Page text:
Biological Stimulants are not fertilizers but work as an enhancement to fertilizer applications and aid in the decomposition of organic matter. Biological Stimulants can help to; improve the digestive health of your soils, improve the efficiency of nutrient applications, and help plants tolerate environmental stresses.
Biological Stimulants, also referred to as bio-stimulants or biostimulants are defined as "Any substance or compound other than primary, secondary, and micro plant nutrients that can be demonstrated by scientific research to be beneficial to one or more species of plants, when applied exogenously to the plant or soil." The European Biostimulants Industry Council (EBIC) defines biostimulants as; "Plant biostimulants contain substance(s) and/or micro-organisms whose function when applied to plants or the rhizosphere is to stimulate natural processes to enhance/benefit nutrient uptake, nutrient efficiency, tolerance to abiotic stress, and crop quality."
According to the EBIC "Agricultural biostimulants include diverse formulations of compounds, substances and micro-organisms that are applied to plants or soils to improve crop vigor, yields, quality and tolerance of abiotic stresses. Biostimulants foster plant growth and development throughout the crop life cycle from seed germination to plant maturity in a number of demonstrated ways, including but not limited to: Improving the efficiency of the plant’s metabolism to induce yield increases and enhanced crop quality. Increasing plant tolerance to and recovery from abiotic stresses. Facilitating nutrient assimilation, translocation and use. Enhancing quality attributes of produce, including sugar content, color, fruit seeding, etc. Rendering water use more efficient. Enhancing soil fertility, particularly by fostering the development of complementary soil micro-organisms"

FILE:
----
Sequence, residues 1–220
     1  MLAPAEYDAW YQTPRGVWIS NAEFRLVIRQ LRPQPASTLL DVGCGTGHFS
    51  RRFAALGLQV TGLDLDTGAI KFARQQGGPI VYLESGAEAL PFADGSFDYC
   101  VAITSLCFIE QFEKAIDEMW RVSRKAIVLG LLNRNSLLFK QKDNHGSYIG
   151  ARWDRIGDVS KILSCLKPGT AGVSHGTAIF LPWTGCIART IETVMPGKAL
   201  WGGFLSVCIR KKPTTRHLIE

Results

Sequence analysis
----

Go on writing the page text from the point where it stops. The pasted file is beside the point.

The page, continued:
Sources of Biological Stimulants:
- B vitamins, as found in;
- Soluble Kelp Powder
- Kelp Meal
- Alfalfa Meal
- Inorganic salts, as found in;
- Natural Sea Salts or products like SEA-90
- Organic Acids
- Amino acids (found in soluble kelp powder and kelp meal)
- Fulvic acids
- Humic acids
- Fatty acids / Lipids (found in neem oil, coconut oils and fish fertilizers)
- Microbial Innoculants
- Earthworm Castings / Compost
- Baterial inoculates
- Mycorrhizae & other beneficial fungi
- Protein Sources, as found in;
- Alfalfa Meal
- Oat / Bran and high protein grain meals or flours
- Protein Hydrolysates as found in Organic Fish Fertilizers
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